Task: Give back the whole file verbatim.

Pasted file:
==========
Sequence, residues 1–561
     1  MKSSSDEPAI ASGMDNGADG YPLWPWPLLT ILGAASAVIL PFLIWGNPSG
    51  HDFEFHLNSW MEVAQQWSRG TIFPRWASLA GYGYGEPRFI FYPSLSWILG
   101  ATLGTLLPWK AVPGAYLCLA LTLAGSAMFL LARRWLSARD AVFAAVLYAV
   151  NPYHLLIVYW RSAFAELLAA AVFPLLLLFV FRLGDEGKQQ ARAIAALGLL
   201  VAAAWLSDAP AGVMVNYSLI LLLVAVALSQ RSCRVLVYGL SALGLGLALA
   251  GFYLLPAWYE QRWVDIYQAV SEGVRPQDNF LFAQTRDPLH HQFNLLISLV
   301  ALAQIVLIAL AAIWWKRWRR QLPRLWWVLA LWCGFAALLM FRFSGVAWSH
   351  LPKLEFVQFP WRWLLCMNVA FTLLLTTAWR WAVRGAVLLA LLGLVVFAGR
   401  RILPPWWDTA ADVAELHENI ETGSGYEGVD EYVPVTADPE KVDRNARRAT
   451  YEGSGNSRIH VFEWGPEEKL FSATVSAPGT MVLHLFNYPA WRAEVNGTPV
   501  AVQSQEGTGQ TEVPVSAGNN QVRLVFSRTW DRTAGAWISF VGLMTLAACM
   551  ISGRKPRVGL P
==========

Sequence, residues 1–561
     1  MKSSSDEPAI ASGMDNGADG YPLWPWPLLT ILGAASAVIL PFLIWGNPSG
    51  HDFEFHLNSW MEVAQQWSRG TIFPRWASLA GYGYGEPRFI FYPSLSWILG
   101  ATLGTLLPWK AVPGAYLCLA LTLAGSAMFL LARRWLSARD AVFAAVLYAV
   151  NPYHLLIVYW RSAFAELLAA AVFPLLLLFV FRLGDEGKQQ ARAIAALGLL
   201  VAAAWLSDAP AGVMVNYSLI LLLVAVALSQ RSCRVLVYGL SALGLGLALA
   251  GFYLLPAWYE QRWVDIYQAV SEGVRPQDNF LFAQTRDPLH HQFNLLISLV
   301  ALAQIVLIAL AAIWWKRWRR QLPRLWWVLA LWCGFAALLM FRFSGVAWSH
   351  LPKLEFVQFP WRWLLCMNVA FTLLLTTAWR WAVRGAVLLA LLGLVVFAGR
   401  RILPPWWDTA ADVAELHENI ETGSGYEGVD EYVPVTADPE KVDRNARRAT
   451  YEGSGNSRIH VFEWGPEEKL FSATVSAPGT MVLHLFNYPA WRAEVNGTPV
   501  AVQSQEGTGQ TEVPVSAGNN QVRLVFSRTW DRTAGAWISF VGLMTLAACM
   551  ISGRKPRVGL P